Data collected in 2015 by the USDA indicated that 7,398 farms in the U.S. sold products directly to consumers through a community supported agriculture (CSA) arrangement. In that year, CSAs accounted for $226 million (or 7%) of the $3 billion in direct-to-consumer sales by farms. Anecdotally, that number skyrocketed over the past two years, thanks in large part to COVID and consumers’ desire to both shop and eat local. (more…)

Natural Rendering: Composting Livestock

2021-11-23T20:04:48-05:00November 23, 2021|Mid Atlantic|

On Oct. 16, Cornell Cooperative Extension of Orange County presented an interesting (although unusual) program: “Bring Your Own Carcass Composting Training.” Held at their Education Center & 4-H Park in Otisville, NY, the program was designed for Department of Public Works/Department of Transportation administrators and field workers, veterinarians and animal producers interested in learning the benefits of composting carcasses. (more…)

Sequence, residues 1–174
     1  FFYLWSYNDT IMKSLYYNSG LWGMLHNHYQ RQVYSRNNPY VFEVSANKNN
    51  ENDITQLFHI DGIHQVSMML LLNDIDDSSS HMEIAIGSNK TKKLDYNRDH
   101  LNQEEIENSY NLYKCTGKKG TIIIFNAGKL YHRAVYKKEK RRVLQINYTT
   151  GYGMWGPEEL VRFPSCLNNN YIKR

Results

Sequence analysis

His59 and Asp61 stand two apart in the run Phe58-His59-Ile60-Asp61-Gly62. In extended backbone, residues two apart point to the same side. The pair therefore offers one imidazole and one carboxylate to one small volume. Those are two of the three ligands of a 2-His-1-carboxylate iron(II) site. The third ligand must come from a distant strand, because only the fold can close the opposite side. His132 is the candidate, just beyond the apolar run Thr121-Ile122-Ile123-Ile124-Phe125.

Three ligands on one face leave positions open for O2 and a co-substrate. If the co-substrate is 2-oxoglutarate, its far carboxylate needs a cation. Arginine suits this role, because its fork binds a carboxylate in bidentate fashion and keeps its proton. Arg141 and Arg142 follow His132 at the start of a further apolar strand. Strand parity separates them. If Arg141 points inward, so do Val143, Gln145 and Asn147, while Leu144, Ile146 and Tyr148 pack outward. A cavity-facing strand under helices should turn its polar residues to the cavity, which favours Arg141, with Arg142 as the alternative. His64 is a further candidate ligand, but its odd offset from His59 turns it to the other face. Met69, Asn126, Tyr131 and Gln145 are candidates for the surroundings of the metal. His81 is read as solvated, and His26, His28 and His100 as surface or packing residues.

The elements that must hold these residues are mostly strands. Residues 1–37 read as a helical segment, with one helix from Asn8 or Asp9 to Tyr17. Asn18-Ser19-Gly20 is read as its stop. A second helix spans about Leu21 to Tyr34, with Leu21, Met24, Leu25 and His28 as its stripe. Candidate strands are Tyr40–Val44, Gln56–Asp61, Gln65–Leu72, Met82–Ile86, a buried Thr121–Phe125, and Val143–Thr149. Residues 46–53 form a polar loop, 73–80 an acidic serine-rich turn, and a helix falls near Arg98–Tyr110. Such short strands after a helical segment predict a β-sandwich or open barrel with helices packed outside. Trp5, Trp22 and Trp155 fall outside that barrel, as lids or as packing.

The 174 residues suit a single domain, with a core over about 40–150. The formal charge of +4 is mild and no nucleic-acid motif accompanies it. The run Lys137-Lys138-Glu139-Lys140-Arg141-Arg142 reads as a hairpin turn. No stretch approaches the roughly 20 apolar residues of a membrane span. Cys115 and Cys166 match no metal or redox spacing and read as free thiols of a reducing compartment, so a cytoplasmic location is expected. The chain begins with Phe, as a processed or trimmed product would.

Genesee Valley Hunt Races and Fall Festival

2021-11-23T20:38:40-05:00November 23, 2021|Eastern Edition, Mid Atlantic, New England Farm Weekly, Western Edition|

The dog events include a Jack Russell terrier race, a sled dog demonstration, the Canine Grand Prix of dog agility, the Parade of GVH Hounds and a wiener dog race (for dachshunds and other similar breeds). It was amazing to see such a large pack of well-trained foxhounds respond to the huntsman’s horn. Marion A. Thorne, MFH, and huntsman, dismounted from her horse and invited children and parents from the audience to greet the hounds. (more…)

John Deere green gets back to work

2021-11-23T18:26:08-05:00November 20, 2021|Eastern Edition, Mid Atlantic, New England Farm Weekly, Western Edition|

John Deere is back to work. Photo by Troy Bishopp

by Troy Bishopp

ANKENY, IOWA – Jason Aldean’s song is back in play: “You can take a ride on my big green tractor” again.

The 2021 John Deere strike that began Oct. 14, which involved about 10,000 employees for John Deere, is over. The United Auto Workers, which represents the workers from a dozen Midwest Deere & Co. factories, announced on Nov. 17 that its members had voted 61% to 39% in favor of the six-year deal that includes an $8,500 ratification bonus, an immediate 10% increase in wages with further increases over the life of the six-year agreement, as well as other benefits.